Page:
For software modification, we will need to add the Attiny10 core to the Arduino IDE. While there are a few ATtiny10 cores out there, for this project, we will use the Core developed by Johnson Davies. The core is essentially a boards.txt file that adds options for ATtiny10/9/5/4 to the Arduino IDE’s Board menu so they can be programmed using the Arduino IDE. However, this core doesn’t include the Arduino support core, as a result, it does not support the popular Arduino functions like pinMode(), millis(), etc., so the code must be developed in pure C programming language.  To install the ATtiny10 Core, download the core from it’s GitHub page. Extract the zip file, and copy its content to the hardware folder inside the Arduino folder (the same folder where your sketches and Library folder is located) in your Documents folder. If there is no hardware folder, create it before doing any other thing. According to the Github page, the ATtiny10Core should work with all versions of the official Arduino IDE (from arduino.cc) from version 1.6.3 onwards but versions from 1.8.3 and up are recommended.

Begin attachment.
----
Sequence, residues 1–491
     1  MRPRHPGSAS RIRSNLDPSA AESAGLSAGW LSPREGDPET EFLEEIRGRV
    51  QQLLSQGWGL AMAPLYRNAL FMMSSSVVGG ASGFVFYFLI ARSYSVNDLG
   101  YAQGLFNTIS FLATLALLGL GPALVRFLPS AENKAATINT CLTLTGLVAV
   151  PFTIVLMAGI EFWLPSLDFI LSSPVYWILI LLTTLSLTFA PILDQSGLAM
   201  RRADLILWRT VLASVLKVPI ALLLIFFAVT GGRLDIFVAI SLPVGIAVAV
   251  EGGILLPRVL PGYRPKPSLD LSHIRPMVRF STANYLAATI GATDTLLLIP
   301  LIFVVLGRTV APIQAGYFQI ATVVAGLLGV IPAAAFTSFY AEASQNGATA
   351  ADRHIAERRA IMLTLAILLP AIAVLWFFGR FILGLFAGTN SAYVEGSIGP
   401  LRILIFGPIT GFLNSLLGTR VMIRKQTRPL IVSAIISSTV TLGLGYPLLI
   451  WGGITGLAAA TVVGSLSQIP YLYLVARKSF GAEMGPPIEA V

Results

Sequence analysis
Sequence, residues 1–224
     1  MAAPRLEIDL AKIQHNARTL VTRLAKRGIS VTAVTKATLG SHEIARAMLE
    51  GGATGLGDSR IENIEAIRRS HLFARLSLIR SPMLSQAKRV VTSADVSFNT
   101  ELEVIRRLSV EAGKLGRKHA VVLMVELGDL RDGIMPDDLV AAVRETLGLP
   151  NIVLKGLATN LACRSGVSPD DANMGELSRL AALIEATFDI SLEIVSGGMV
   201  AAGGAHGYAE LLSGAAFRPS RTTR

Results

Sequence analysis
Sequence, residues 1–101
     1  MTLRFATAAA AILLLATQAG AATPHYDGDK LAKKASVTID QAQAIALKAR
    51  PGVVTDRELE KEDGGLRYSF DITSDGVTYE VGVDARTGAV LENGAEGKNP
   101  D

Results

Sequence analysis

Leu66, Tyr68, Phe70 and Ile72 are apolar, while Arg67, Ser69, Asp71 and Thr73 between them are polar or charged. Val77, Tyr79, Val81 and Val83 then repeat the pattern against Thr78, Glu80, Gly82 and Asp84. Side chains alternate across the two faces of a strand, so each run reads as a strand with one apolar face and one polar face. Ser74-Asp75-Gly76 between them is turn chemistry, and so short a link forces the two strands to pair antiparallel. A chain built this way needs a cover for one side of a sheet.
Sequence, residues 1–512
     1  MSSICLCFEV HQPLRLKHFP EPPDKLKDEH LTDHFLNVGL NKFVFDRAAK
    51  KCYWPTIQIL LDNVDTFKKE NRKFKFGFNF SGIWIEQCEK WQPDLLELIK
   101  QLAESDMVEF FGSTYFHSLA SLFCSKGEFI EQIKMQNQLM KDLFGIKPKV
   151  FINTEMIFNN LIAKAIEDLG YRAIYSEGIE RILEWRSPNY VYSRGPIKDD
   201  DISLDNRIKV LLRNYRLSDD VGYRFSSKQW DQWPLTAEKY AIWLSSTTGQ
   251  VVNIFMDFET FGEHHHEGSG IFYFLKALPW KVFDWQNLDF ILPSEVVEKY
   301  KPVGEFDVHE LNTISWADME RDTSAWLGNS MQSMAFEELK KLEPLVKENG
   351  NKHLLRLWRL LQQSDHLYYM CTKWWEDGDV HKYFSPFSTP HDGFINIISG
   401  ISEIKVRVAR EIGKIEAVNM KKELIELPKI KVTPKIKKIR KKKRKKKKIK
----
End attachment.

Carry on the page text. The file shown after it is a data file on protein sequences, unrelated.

USBasp Programmer

On the hardware side, the popular usb-serial converters cannot be used in programming the ATtiny10 due to the TPI interface requirement but fortunately for us, Thomas Fischl created an excellent USBasp programmer which supports this protocol so you can build your own using his guide or just order one with a 10pin or 6pin adapter for ISP from his website or others like eBay and Banggood.

With all of these in place, we are now ready to write the code for the project.

Code

As mentioned above, the ATtiny10 core being used does not support the Arduino functions so we need to develop the code in pure C/C++. To do this effectively, one needs to understand how the Arduino functions translate in core C/C++ and how ports work. You can check out these explanations to better understand it.

As usual I will do a quick breakdown of the code to explain how each of the parts work.